The internet can be a wonderful source of information but it can also lead to a lot of confusion. Here is the myth buster.
NOT a myth: HIT is caused by the inability of the body to break down histamine sufficiently. This is because of the reduced activity or presence of an enzyme called diamine oxidase (DAO) which is mainly responsible for breaking down histamine and other biogenic amines ingested through food.
Myth: All people with HIT have to avoid all high histamine foods for the rest of their lives
Not all people have to avoid all high histamine foods for the rest of their life. Many people have what is called a “temporary histamine intolerance”, for example because they had a bad case of diarrhoea, or a “secondary histamine intolerance” which is triggered by the symptoms of another condition, such as for example other food intolerances like fructose malabsorption or lactose intolerance. In many cases the individual threshold of a person can go up, and it is even possible that the body is able to heal and the HIT goes away completely. Once diagnosed with HIT – which involves an elimination diet as part of the diagnosis procedure – the trick is to re-introduce foods one by one and test them in the testing phase with the help of a food diary, to see if they can be tolerated. It is highly recommended to consult a dietician.
Myth: When symptoms go away with the help of a low-histamine elimination diet then this confirms histamine intolerance
The elimination diet (of 2-4 weeks) does not confirm HIT as such, but is a very important indicator that the cause of symptomscan be related to histamine. However, it does not confirm a diagnosis. It helps to point in the right direction. It is possible that a patient who has gone on an elimination diet, and is successful in reducing symptoms, has an allergy to one or two foods they have started to avoid as part of the elimination diet. Not a bad result as such, but such a person will avoid many foods unnecessarily. Additionally they will leave an allergy undetected. It is extremely important to also check the possibility of an IgE-mediated allergy.
Myth: Histamine intolerance is an allergy to histamine
This is completely wrong. Histamine intolerance is not an allergy to histamine. Histamine intolerance is not caused by any disorder of the immune system whatsoever. Histamine intolerance is connected to the disorder or deficiency of the enzyme DAO (diamine oxidase) or HNMT (histamine N-methyltransferase).
Myth: If you are diagnosed with HIT you should avoid all fermented milk products at all times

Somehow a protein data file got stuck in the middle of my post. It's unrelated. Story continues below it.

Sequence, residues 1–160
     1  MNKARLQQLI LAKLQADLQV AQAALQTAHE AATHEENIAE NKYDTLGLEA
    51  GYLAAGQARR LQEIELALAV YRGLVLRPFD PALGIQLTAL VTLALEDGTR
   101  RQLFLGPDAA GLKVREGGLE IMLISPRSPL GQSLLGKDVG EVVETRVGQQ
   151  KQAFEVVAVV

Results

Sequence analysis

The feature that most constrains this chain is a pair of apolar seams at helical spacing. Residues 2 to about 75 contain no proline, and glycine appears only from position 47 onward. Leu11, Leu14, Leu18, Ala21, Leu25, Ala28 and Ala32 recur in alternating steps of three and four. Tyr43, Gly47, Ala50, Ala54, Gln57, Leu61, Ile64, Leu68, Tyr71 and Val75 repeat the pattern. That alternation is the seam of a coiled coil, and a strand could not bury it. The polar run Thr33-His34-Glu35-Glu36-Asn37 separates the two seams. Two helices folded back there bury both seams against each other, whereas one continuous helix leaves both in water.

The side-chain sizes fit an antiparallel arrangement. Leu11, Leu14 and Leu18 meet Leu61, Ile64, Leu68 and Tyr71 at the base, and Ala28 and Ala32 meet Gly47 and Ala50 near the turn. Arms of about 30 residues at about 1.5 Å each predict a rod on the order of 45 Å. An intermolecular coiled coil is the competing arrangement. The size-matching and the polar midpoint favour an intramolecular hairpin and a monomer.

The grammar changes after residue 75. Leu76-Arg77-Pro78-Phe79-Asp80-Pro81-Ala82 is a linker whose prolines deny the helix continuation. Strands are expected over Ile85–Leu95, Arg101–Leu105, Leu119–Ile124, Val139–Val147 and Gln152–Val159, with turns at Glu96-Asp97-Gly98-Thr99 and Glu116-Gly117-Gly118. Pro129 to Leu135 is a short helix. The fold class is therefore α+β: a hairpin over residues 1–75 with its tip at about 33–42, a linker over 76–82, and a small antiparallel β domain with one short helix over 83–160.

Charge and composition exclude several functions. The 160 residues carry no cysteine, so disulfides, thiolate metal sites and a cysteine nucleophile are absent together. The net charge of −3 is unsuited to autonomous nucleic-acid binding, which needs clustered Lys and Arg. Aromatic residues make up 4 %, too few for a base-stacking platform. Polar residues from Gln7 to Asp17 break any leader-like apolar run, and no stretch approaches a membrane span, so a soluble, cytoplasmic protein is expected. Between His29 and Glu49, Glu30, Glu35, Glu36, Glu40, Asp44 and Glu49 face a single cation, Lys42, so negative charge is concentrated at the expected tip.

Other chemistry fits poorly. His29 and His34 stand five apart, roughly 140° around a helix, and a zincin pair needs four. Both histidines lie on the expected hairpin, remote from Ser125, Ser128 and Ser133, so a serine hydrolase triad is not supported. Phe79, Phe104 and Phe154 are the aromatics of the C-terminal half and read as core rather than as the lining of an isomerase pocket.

This is not necessarily true. It depends on the individual threshold. Many people are able to tolerate butter, crème fraiche, yoghurt and mild cheeses, for example. Once done with the elimination diet, individuals need to test which products they can tolerate during the test phase. Negative reactions to milk products might be connected to cow’s milk allergy or lactose intolerance. If an individual is unable to tolerate even fresh milk, then it is highly likely that the reactions to milk are caused by another condition.
Myth: If you have HIT you can’t use perfumed cosmetics and creams
People with HIT do not automatically have to avoid all perfumed cosmetics and creams. HIT is caused by the conditions described above (at the very top of this page), and not by perfumes or creams you put on the skin. Some HIT sufferers, however, do experience skin problems and swelling as a main symptom. Those belonging to this particular group need to talk to their dermatologist to give them advice on what to use in their particular case.
Myth: You can’t use creams or perfumes that contain high histamine food ingredients
Again, HIT is a problem caused by the dysfunction of an enzyme inside the body which is responsible for breaking down ingested histamine and other biogenic amines. Your skin is not a part of your digestive system. If a person has an additional condition such as a sensitivity (which triggers the release of histamine from the mast cells for example) to certain chemicals this should be seen as a separate issue, but not be confused with the symptoms triggered by HIT. If someone else says they have that problem, it does not automatically have to mean that it applies to you.